City releases Mechanical Broom Assessment
City Piloted program due to Street Sweeping demands and resident complaints to move cars.
City officials revealed a report of the 2019 Mechanical Broom Street Cleaning Evaluation and showed survey results from pilot areas. The report consists of a data collection and review of the program in six areas.
The report cited that residential street sweeping was discontinued in Philadelphia in 2008 due to the recession. Instead, the city created a pilot to hire mechanical brooms, train crews and create a new program. The program also included a walking crew with leaf blowers, brooms & rakes, which stirred groups lobbying against the program, groups citing environmental, safety and health concerns.
The City Findings include trash collected/miles traveled, resident satisfaction, and litter index distribution in the report. Here are the key findings.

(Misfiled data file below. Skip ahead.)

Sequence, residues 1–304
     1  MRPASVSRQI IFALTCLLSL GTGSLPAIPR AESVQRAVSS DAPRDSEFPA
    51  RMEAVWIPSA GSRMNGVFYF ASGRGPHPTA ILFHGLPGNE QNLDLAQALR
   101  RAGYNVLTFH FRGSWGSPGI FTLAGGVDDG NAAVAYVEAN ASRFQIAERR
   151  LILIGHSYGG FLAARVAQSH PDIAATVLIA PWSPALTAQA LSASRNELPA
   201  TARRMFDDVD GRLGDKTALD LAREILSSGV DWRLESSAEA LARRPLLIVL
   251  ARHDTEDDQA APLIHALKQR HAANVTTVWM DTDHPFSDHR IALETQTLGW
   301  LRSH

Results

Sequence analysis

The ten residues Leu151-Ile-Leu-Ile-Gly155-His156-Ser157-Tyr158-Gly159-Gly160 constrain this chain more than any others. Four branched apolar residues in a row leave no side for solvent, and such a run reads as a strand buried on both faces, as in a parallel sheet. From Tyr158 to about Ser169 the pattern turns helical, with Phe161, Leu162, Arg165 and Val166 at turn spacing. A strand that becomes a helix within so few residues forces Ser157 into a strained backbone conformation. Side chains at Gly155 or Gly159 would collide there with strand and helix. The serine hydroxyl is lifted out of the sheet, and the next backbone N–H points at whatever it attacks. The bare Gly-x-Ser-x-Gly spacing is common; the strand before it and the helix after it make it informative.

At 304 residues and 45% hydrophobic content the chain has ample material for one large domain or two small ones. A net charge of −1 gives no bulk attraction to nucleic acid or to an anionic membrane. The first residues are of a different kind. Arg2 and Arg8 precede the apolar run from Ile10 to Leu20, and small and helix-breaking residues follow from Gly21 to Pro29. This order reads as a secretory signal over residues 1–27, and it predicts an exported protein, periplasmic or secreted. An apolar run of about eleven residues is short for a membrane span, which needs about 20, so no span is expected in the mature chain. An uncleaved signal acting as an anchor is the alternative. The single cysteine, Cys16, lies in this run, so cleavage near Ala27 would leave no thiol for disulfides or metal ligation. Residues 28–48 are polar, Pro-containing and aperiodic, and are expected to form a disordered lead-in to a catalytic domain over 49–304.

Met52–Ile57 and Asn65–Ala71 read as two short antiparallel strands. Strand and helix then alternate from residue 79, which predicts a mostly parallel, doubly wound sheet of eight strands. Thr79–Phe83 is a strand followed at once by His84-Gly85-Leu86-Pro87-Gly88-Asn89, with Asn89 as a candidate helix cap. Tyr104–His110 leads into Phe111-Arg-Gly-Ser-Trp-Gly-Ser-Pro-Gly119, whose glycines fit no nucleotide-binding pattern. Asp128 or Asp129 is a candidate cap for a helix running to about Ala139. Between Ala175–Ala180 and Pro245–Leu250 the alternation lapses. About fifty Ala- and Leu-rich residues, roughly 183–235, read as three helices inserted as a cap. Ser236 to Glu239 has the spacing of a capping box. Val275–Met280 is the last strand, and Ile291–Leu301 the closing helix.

2019 Mechanical Broom Street Cleaning Evaluation Findings:
- Amount of trash collected per day was reduced, which indicated cleaner streets. Also, the miles spent from mechanical brooms expanded and increased, indicating improved efficiency.
- 96 percent of residents in each pilot area supported expanding the program across the city.
- Over 91% of residents supported moving their cars (!!!!) and the backpack blowers to remove dirt along the curb.
- The average Litter Index rating decreased in pilot areas and surrounding areas.
The Streets Department hopes to apply the data from the report to expand its service; they will reach new areas and require cars to be moved during the process. A more detailed plan about the 2020 program will be released in the spring.
The mechanical sweeping services were created by the Sanitation Division, which is part of the Streets Department. The Sanitation Division received $2.3 million from the City’s Budget Office in 2019. The pilot ran from April 2019 to November 2019. The Streets Department selected neighborhoods with high Philadelphia Litter Index ratings for its pilot program.
Photo: City of Philadelphia website